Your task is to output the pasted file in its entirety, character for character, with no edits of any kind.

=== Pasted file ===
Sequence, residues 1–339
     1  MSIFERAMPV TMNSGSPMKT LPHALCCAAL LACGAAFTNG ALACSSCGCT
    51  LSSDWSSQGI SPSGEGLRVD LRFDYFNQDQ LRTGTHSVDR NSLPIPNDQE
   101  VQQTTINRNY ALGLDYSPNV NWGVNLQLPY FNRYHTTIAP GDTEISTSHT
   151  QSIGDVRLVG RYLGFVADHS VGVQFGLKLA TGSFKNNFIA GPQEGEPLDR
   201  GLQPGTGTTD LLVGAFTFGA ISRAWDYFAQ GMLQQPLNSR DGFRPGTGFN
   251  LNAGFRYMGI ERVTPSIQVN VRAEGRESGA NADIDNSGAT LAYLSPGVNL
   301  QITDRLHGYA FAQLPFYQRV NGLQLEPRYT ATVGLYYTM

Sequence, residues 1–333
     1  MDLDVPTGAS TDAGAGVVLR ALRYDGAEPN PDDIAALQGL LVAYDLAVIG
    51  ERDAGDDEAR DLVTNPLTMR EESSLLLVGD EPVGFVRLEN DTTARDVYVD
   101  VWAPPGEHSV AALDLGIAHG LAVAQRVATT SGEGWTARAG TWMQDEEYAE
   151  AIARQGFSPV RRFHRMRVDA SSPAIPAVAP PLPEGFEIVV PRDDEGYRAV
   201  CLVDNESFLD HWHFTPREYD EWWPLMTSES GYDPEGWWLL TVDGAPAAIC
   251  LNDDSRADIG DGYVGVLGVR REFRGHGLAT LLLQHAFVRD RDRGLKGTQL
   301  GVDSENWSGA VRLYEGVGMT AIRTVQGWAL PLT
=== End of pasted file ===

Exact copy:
Sequence, residues 1–339
     1  MSIFERAMPV TMNSGSPMKT LPHALCCAAL LACGAAFTNG ALACSSCGCT
    51  LSSDWSSQGI SPSGEGLRVD LRFDYFNQDQ LRTGTHSVDR NSLPIPNDQE
   101  VQQTTINRNY ALGLDYSPNV NWGVNLQLPY FNRYHTTIAP GDTEISTSHT
   151  QSIGDVRLVG RYLGFVADHS VGVQFGLKLA TGSFKNNFIA GPQEGEPLDR
   201  GLQPGTGTTD LLVGAFTFGA ISRAWDYFAQ GMLQQPLNSR DGFRPGTGFN
   251  LNAGFRYMGI ERVTPSIQVN VRAEGRESGA NADIDNSGAT LAYLSPGVNL
   301  QITDRLHGYA FAQLPFYQRV NGLQLEPRYT ATVGLYYTM

Sequence, residues 1–333
     1  MDLDVPTGAS TDAGAGVVLR ALRYDGAEPN PDDIAALQGL LVAYDLAVIG
    51  ERDAGDDEAR DLVTNPLTMR EESSLLLVGD EPVGFVRLEN DTTARDVYVD
   101  VWAPPGEHSV AALDLGIAHG LAVAQRVATT SGEGWTARAG TWMQDEEYAE
   151  AIARQGFSPV RRFHRMRVDA SSPAIPAVAP PLPEGFEIVV PRDDEGYRAV
   201  CLVDNESFLD HWHFTPREYD EWWPLMTSES GYDPEGWWLL TVDGAPAAIC
   251  LNDDSRADIG DGYVGVLGVR REFRGHGLAT LLLQHAFVRD RDRGLKGTQL
   301  GVDSENWSGA VRLYEGVGMT AIRTVQGWAL PLT